A grief-struck lower house of parliament on Wednesday echoed in unison with prayers for the well-being of the 14-year-old child rights activist – who was attacked by the Taliban on Tuesday – and passed a unanimous resolution condemning the dastardly assault with a demand for the government to bring the perpetrators to justice.
“This house pays tribute to and is proud of Malala Yousafzai. We strongly condemn the attack on her and demand that the government bear the medical expenses (of the injured in the incident), arrest the perpetrators and bring them to justice,” a resolution presented by Law Minister Farooq H Naek read.
“Today I feel really sad, and the attack on Yousafzai is actually a crime against humanity,” the law minister said as he invited everyone to sit together and map out a solution.
The proceedings of the National Assembly started with prayers for the 14-year-old iconic child activist after which members from all political shades expressed their views.
Condemning the attack, lawmakers censured law enforcement agencies and termed Tuesday’s incident proof of their “failure” to contain the law and order situation. They also urged religious scholars and leaders to play their role and issue condemnations of the heinous act.
“We do not need mere legislation. We want safety of our people,” said Waseem Akhtar of the Muttahida Qaumi Movement (MQM) while asking Chief of Army Staff (COAS) General Ashfaq Parvez Kayani to take action against the terrorists involved.
MQM’s Khushbakht Shujaat said it was the failure of law enforcement agencies and “was an attack against Islam”. She urged religious scholars to pass resolutions of condemnation and tell the world that terrorists were actually enemies of Islam.
Foreign Minister Hina Rabbani Khar said “we have to fight against this mindset” which, according to her, was the only hope.
Bushra Rehman, a renowned literary figure, condemned the incident in a sombre and trembling voice and asked: “Why was Malala not given security after she was honoured with the national award… were the authorities waiting for this incident to happen?”
Though Maulana Attaur Rehman of the Jamiat Ulema-e-Islam-Fazl (JUI-F) condemned the incident and held the rulers responsible, he added: “Those who were behind such activities (terrorists) should not be cut off. They should be invited for talks otherwise there would be no end [to this].”
The statement prompted Ayaz Amir of the Pakistan Muslim League-Nawaz (PML-N) to question whether there was any room for talks. “With whom should we initiate dialogue?” he asked, urging religious scholars to guide the nation and tell whether Islam sanctions such acts.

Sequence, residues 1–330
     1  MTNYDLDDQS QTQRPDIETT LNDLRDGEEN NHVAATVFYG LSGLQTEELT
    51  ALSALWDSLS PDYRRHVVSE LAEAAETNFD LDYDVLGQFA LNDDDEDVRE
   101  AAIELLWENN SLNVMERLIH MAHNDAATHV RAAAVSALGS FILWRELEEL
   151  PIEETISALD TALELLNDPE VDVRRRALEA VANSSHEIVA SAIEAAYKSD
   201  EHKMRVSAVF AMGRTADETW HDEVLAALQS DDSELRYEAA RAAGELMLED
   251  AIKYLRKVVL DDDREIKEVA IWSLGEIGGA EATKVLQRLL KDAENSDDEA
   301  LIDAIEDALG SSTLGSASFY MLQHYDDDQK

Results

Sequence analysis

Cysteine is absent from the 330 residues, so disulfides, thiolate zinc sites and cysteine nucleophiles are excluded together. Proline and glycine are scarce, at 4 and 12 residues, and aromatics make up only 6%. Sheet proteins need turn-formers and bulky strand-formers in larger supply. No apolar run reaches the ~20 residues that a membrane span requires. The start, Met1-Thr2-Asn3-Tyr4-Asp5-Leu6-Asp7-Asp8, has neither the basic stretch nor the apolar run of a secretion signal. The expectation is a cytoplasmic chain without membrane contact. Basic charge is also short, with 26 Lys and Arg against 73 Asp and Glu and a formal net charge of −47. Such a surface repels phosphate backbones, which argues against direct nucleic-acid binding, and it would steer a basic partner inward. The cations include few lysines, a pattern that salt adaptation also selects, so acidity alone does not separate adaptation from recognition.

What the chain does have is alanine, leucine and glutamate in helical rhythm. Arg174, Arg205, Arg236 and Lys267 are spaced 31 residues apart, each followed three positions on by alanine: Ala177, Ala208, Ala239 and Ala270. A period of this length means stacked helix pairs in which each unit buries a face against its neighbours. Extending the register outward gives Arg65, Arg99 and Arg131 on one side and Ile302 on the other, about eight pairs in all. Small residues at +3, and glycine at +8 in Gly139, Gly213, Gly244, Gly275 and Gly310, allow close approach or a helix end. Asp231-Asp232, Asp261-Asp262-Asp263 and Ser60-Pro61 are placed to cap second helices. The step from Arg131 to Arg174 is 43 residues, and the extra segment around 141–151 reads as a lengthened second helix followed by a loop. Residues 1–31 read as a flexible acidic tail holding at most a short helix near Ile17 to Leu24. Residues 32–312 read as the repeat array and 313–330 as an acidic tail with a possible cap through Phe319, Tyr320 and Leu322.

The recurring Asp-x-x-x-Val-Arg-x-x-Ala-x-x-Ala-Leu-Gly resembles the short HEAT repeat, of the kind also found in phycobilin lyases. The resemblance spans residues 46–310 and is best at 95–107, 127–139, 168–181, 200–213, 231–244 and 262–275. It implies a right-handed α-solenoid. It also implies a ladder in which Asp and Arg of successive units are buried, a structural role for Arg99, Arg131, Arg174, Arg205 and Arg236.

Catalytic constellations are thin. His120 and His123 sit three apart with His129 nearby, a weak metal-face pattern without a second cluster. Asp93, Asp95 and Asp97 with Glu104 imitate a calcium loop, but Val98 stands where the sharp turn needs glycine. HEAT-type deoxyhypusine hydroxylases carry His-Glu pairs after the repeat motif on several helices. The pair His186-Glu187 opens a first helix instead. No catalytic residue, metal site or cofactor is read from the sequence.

He also censured Pakistan Tehreek-i-Insaf (PTI) chief Imran Khan’s rally to South Waziristan saying: “Khan had given US policymakers a justification for continuation of drone attacks” since his rally’s halfway return proved that writ of the government was non-existent in the region.
Awami National Party’s (ANP) Advocate Parvez Khan said: “We, the ANP, are a secular party, and strongly condemn the attack.”
Protection for Gilani
Meanwhile, giving a blanket cover to former prime minister Yousaf Raza Gilani’s decisions, the house passed a resolution to extend the Validation Ordinance, 2012 (No.VI of 2012) for a period of another 120 days amid protests and rejection from the PML-N.
However, the resolution was passed and it gave a new life to the ordinance that was lying with the relevant standing committee for consideration. The ordinance would expire on October 23 but after the passage of resolution, it will remain in force for another three months.
“All actions of former premier Gilani, who was removed by the Supreme Court, have been given a blanket cover,” former law minister Zahid Hamid of the PML-N said. However, he pointed out that “the house cannot pass any such resolution unless a list of those actions (of PM Gilani) is presented”.
Published in The Express Tribune, October 11th, 2012.
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